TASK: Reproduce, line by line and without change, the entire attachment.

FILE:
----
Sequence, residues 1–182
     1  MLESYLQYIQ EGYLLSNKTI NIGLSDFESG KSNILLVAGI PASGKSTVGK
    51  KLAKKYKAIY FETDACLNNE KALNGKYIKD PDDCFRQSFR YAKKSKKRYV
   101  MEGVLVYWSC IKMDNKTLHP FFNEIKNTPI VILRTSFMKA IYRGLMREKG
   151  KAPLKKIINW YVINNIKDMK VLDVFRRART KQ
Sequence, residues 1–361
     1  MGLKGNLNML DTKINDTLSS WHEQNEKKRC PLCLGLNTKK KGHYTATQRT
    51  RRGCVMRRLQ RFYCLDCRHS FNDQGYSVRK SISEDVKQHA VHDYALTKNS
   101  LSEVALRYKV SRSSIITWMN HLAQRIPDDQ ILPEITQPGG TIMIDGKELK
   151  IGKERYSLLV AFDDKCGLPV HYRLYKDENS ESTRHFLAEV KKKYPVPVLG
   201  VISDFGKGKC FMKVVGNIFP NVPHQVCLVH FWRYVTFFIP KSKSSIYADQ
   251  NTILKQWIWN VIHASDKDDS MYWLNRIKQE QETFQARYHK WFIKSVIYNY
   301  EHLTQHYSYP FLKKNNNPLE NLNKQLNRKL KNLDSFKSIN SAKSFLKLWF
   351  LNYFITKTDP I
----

Sequence, residues 1–182
     1  MLESYLQYIQ EGYLLSNKTI NIGLSDFESG KSNILLVAGI PASGKSTVGK
    51  KLAKKYKAIY FETDACLNNE KALNGKYIKD PDDCFRQSFR YAKKSKKRYV
   101  MEGVLVYWSC IKMDNKTLHP FFNEIKNTPI VILRTSFMKA IYRGLMREKG
   151  KAPLKKIINW YVINNIKDMK VLDVFRRART KQ
Sequence, residues 1–361
     1  MGLKGNLNML DTKINDTLSS WHEQNEKKRC PLCLGLNTKK KGHYTATQRT
    51  RRGCVMRRLQ RFYCLDCRHS FNDQGYSVRK SISEDVKQHA VHDYALTKNS
   101  LSEVALRYKV SRSSIITWMN HLAQRIPDDQ ILPEITQPGG TIMIDGKELK
   151  IGKERYSLLV AFDDKCGLPV HYRLYKDENS ESTRHFLAEV KKKYPVPVLG
   201  VISDFGKGKC FMKVVGNIFP NVPHQVCLVH FWRYVTFFIP KSKSSIYADQ
   251  NTILKQWIWN VIHASDKDDS MYWLNRIKQE QETFQARYHK WFIKSVIYNY
   301  EHLTQHYSYP FLKKNNNPLE NLNKQLNRKL KNLDSFKSIN SAKSFLKLWF
   351  LNYFITKTDP I